On Monday, (HERE), I published an article briefly summarising some of the weekend headlines concerning Triathlon Scotland, published in the Sunday Times Scotland.
Free of any judgement as to the validity – or otherwise – of the content of that Sunday Times article, my focus was primarily around some thoughts on how a governing body may potentially look to address concerns raised. That was with particular thought to the current governance and welfare environment more generally, with reference to some of the recent and ongoing scenarios in other sports.
Triathlon Scotland have now released a statement (in full, below), concerning the Sunday Times article, some of the key points being:
- A complaint was received in December 2019, making allegations against three senior TS staff.
- The TS Board appointed an investigator, supported by a leading sports law firm, to investigate those allegations.
- The investigation included interviews with the senior staff and others involved.
- A full report was submitted to an investigation panel for consideration.
- The investigation is complete, “we are confident in rejecting the statements and claims made in the media.”
- An “internal process is yet to conclude.”
- Separate from the investigation, in November 2019 TS has been working “with sportscotland on a Performance and Coaching Review.”
- That review has involved “Triathlon Scotland staff, partner organisations, coaches, support staff and athletes.”
- That review will be published soon, with it making recommendations for areas of improvement to be addressed.
- Referencing what it calls the “unnecessary publicity”, TS state “We are not complacent, however, and are reviewing our processes and strategy following recent events.”
With respect to those bullet points, what is interesting is that a ‘Performance and Coaching Review’ has / is being undertaken in partnership with sportscotland (the national agency for sport), and that the contents of that review will be published soon. Initiated by Triathlon Scotland in November 2019 – ahead of the December 2019 complaint – the publishing of such a report is certainly in line with the ‘transparency’ issue I raised yesterday, as well as involving an external partner.
All elite sports environments would, regularly, be reviewing their Performance programmes and making changes and improvements – but typically, the results of those would be implemented internally and the audience for the changes would not be for the wider public. Given the headlines over recent days, the publication of those ‘recommendations for areas for improvement’, can only be a positive.
Of course, that potentially opens up Triathlon Scotland to further scrutiny in due course as to the content of such a report and recommendations raised in it, but given the current wider sporting landscape, being open – even if you don’t agree with the findings – is surely the best approach in the long term.
Reproduced in full below is the statement from Triathlon Scotland, issued on Monday 2nd March.
TRIATHLON SCOTLAND STATEMENT ON SUNDAY TIMES ARTICLE
Yesterday an article appeared in the Sunday Times Scotland making allegations about the culture in Triathlon Scotland and particularly about our performance programme.
In December 2019 Triathlon Scotland received a complaint that made allegations against the CEO, the Head of Performance and the Chair of the Board. An investigator was appointed by the Board, supported by a leading sports law firm, to investigate those allegations. A thorough investigation has taken place, including interviews with those named in the complaint and others involved. A full report was then submitted to an investigation panel for consideration. During this process the Board of Triathlon Scotland has sought to uphold our duty of care for all our staff.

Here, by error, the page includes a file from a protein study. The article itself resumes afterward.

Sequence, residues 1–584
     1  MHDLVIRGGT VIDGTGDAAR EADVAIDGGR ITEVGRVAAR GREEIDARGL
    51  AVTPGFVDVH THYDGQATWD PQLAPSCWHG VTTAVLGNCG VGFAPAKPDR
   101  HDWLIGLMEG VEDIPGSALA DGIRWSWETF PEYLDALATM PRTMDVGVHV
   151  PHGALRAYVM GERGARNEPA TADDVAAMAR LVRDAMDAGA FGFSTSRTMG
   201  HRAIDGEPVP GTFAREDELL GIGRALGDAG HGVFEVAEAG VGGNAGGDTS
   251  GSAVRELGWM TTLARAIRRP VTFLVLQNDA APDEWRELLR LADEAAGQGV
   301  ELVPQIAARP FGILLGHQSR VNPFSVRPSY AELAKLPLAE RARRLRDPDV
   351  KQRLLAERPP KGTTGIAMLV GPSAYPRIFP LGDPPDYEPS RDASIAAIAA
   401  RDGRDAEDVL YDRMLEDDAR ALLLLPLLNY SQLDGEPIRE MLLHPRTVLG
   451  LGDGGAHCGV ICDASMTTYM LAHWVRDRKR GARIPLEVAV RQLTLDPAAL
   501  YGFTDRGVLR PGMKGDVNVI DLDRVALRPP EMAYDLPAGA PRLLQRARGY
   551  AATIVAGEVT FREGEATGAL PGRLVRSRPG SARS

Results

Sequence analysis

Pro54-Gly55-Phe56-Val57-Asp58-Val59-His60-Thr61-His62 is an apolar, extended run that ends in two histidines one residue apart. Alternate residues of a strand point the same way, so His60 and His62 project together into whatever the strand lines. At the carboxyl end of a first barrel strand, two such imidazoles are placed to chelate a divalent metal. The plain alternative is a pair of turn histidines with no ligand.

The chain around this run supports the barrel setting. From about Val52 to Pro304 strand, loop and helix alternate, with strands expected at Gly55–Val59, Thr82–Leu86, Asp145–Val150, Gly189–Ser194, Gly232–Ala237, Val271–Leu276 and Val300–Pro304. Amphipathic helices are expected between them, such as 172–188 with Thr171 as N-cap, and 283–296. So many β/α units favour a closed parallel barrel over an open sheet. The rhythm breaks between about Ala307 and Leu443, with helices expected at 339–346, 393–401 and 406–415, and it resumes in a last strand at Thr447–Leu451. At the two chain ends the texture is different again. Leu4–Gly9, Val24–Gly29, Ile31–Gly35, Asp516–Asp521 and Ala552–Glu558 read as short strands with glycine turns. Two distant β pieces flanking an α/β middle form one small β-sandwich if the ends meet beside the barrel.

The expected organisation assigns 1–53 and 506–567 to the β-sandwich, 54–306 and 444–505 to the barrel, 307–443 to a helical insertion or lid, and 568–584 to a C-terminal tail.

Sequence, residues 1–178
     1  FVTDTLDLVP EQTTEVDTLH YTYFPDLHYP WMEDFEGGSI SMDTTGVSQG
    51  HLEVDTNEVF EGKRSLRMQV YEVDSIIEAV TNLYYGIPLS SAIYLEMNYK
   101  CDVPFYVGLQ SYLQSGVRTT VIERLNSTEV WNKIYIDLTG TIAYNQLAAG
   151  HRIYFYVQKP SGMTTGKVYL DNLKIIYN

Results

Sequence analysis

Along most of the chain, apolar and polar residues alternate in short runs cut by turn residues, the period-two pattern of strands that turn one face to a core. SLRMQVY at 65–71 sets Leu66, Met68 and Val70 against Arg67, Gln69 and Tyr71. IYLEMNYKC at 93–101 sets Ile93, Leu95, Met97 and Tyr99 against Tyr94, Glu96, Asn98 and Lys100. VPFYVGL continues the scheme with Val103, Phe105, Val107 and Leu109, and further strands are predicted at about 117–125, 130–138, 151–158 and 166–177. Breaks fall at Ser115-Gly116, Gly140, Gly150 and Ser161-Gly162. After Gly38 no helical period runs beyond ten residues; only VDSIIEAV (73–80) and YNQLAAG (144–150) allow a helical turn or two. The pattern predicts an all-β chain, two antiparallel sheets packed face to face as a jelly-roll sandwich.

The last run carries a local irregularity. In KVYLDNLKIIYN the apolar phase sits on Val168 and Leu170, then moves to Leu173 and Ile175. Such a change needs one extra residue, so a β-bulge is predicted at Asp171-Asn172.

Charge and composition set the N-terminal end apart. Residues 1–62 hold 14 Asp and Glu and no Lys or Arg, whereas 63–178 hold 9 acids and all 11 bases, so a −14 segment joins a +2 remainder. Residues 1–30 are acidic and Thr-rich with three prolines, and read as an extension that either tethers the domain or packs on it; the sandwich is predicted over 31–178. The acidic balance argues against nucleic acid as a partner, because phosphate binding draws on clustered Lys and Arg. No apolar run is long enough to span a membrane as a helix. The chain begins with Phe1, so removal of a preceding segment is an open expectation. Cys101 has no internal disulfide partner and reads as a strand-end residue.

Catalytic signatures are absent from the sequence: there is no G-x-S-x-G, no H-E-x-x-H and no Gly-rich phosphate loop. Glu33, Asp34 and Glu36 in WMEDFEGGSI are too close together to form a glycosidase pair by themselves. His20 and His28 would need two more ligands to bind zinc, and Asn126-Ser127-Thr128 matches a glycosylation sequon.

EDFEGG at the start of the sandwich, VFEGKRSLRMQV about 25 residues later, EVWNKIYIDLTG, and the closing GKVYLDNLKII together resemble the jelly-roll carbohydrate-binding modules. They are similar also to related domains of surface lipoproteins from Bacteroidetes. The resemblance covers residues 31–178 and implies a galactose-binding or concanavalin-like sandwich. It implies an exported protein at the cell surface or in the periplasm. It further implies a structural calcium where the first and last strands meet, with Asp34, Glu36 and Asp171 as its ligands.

While the investigation is complete, the internal process is yet to conclude; however, we are very confident in rejecting the statements and claims made in the media. It is regrettable that these allegations were aired in the media before the internal processes were complete, and we are concerned about the impact on all those involved in the sport, our staff, the many coaches and officials who work tirelessly for our sport, and also on our performance athletes, several of whom are currently on camp.
Separate from the investigation Triathlon Scotland has been working in partnership with sportscotland on a Performance and Coaching Review. This was initiated by Triathlon Scotland in November 2019 and has been a wide-ranging consultation, led by sportscotland, involving Triathlon Scotland staff, partner organisations, coaches, support staff and athletes. This review, which we will publish soon, makes recommendations for areas of improvement, and addressing those will be a priority over coming months.
The Board of Triathlon Scotland want to ensure a positive, safe and supportive environment for all involved in triathlon in Scotland and regret the impact that this unnecessary publicity has had on staff, coaches and on our athletes. We are not complacent, however, and are reviewing our processes and strategy following recent events to ensure that the sport remains an attractive one for all involved.
Gavin Calder, President
Dougie Cameron, Chair
Lynne Lauder, Director of Events and Officiating
Duncan Macrae, Director of Finance
Rob Mitchell, Commercial Director
Penny Rother, Director of Age Group
Rebecca Trengove, Director of Equality and Wellbeing
Louise Wright, Director of Performance